A major stumbling block in processor-centric architectures is the movement of data between the processor chips and the main memory module. This leads to heavy energy consumption, a critical consideration for modern-day computing that hinges on gigantic in-memory datasets. The breakdown of Dennard scaling has added to the energy constraints of computer systems. In this milieu, near-memory processing (NMP) is emerging as an energy-optimizing technology, particularly with the arrival of commercially viable 3D chip stacking technology.
Existing studies have attempted to present the limitations and opportunities of this technology, but a seminal work is being conducted by EcoCloud researchers to explore new implementations of functionality and services based on NMP.
In an earlier research, the team worked on algorithms suitable for database join operators near memory, where they showed that sort join can render superior performance and efficiency than hash join in NMP—a situation diametrically opposite to the performance for CPUs. The study demonstrated that performing a join near the memory can augment energy efficacy by 4.5-10.7x and performance by 1.9-5.1x in comparison with CPU execution.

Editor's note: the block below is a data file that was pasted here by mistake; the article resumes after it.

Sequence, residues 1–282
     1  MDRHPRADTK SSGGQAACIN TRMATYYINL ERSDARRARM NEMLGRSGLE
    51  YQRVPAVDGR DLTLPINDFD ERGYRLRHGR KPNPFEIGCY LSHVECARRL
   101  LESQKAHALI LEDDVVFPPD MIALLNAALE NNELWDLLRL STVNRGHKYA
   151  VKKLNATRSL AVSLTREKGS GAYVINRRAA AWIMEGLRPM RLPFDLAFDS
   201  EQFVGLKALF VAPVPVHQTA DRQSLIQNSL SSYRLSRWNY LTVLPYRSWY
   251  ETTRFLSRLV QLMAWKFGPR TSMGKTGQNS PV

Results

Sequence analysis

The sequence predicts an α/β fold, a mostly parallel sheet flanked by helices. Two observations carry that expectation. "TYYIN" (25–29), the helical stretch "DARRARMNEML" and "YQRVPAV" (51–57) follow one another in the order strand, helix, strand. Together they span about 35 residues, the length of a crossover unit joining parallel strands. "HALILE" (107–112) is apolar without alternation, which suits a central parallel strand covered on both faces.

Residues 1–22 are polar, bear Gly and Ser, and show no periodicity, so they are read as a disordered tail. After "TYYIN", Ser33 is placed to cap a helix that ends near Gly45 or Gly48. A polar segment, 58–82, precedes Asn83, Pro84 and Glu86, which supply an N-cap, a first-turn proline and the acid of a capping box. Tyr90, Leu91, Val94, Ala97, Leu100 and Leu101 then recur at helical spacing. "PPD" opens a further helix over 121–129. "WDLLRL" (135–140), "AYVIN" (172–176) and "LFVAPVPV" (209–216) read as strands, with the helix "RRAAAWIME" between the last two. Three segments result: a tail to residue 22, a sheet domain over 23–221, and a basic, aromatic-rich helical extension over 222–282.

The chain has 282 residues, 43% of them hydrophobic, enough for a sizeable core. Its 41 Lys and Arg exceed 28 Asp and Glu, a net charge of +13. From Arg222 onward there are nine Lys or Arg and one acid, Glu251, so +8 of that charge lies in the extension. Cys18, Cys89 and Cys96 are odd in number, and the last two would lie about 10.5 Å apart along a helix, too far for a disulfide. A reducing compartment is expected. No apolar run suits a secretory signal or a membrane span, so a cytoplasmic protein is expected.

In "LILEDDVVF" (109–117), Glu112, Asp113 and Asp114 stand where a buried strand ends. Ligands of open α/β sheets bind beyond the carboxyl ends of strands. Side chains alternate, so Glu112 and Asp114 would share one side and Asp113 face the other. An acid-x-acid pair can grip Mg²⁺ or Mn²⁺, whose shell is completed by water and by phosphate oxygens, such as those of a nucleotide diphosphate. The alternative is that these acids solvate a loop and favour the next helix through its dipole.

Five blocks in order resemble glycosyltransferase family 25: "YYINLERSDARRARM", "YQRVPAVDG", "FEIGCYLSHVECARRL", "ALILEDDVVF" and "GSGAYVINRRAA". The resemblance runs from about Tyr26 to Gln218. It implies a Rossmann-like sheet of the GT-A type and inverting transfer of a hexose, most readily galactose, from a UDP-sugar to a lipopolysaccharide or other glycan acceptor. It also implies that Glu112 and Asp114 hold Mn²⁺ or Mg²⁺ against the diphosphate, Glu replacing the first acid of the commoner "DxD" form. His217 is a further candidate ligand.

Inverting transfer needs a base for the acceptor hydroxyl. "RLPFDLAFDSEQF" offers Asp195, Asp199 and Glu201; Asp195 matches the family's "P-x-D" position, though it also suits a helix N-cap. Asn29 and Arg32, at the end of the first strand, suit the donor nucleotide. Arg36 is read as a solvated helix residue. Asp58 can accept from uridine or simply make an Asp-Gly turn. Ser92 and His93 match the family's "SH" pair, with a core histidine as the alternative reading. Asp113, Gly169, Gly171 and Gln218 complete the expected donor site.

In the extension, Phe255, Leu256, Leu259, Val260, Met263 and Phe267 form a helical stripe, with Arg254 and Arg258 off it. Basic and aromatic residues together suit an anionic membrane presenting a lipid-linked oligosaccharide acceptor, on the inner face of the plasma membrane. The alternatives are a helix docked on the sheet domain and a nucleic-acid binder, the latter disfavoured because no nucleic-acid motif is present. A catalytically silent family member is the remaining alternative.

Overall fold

Taking that finding forward, the researchers are now investigating specific queries on the implementation of functionalities near memory. These include data-specific functionalities such as data filtering, data recognition, and data fetch, and system-level functionalities such as security, compression, and remote memory access. The study also looks into ways and means of employing near-threshold logic in NMP.
The inquiry comes at a juncture when computing platforms are striving hard to keep up with the requirements of large-scale data analytics, wherein energy consumption and efficiency are two key components. The NMP approach embraced by the researchers could go a long way toward bridging the gap between humungous datasets and computing architecture, thus taking a cogent step toward greater processing efficiency.